Victoria bans door-to-door sales for solar companies, introduces $1 million fine for wrongful disconnections


The eye of Sauron seems to have fallen on the energy industry, intent on ratting out the last whispers of a looser past. Today, the Victorian government introduced its new Energy Fairness Bill to parliament to “protect Victorian households and businesses from aggressive and exploitative practices.”

The new legislation will ban door-to-door sales for solar businesses, electricity and gas retailers, deeming the practice “high pressure sales tactics.” For solar companies, the ban will come into effect on September 1, 2021, while for electricity retailers it will be delayed until the end of the year.

“We’re putting energy companies on notice,” Victoria’s Minister for Energy, Environment and Climate Change, Lily D’Ambrosio, said.

Government crackdown

The state government’s new legislation comes after company Vic Solar was fined $3 million for ‘predatory’ tactics earlier this month. In March, Powershop’s Kogan Energy brand was also fined $300,000 after Victoria’s Essential Services Commission found the energy retailer was offering solar customers more expensive electricity plans than non-solar customers.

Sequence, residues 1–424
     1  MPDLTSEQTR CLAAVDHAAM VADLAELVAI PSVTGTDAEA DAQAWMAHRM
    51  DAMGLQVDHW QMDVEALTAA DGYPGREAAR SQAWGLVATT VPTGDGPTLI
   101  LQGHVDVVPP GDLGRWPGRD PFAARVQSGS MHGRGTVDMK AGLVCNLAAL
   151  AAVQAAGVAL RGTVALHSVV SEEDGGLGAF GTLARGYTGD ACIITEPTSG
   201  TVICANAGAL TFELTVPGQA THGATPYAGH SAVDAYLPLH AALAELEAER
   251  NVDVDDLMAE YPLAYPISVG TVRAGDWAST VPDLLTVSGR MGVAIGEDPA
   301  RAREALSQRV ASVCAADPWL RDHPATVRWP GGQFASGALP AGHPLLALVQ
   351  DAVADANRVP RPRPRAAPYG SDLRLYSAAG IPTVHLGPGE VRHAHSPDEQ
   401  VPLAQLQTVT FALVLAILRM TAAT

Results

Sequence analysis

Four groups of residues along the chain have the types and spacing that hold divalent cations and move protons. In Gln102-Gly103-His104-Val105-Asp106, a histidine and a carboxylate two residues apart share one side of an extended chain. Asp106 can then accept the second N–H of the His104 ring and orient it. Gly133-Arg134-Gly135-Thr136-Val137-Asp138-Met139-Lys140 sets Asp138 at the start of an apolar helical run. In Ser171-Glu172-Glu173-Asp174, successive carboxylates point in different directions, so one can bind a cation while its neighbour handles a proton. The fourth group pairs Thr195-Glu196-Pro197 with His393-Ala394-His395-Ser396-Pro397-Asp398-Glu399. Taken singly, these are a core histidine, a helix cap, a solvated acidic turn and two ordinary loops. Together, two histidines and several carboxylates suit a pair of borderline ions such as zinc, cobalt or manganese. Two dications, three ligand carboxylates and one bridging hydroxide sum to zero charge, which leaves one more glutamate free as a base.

The changes are not limited to the state of Victoria either, with the Clean Energy Regulator, a Commonwealth government agency, spending the first half of this year introducing a sweep of new tools, rules and taskforces to oversee them.

Victoria’s Energy Fairness Bill

The new legislation primarily focuses attention on retailers, rather than solar businesses, with its heftiest measure being a penalty of up to $1 million for energy retailers who arrange the wrongful disconnection of vulnerable customers. This measure, the government said in its statement, is to “protect customers in particular who are on payment plans or who require electricity for life support.”

Victoria’s government is also introducing penalties of up to $1 million for gas and electricity licensees who provide false or misleading information to the Essential Services Commission.

Additionally, the bill bans ‘save’ and ‘win-back’ offers, like short-term discounts which ultimately end up costing customers more in the long run. “This misleading tactic is used by retailers to stifle competition and by banning them, customers will be able to judge the genuine best price in the market – and not just for a limited time,” the Victorian government said.

It went on to say the new legislation is intended to make the energy retailer market fairer and more transparent.

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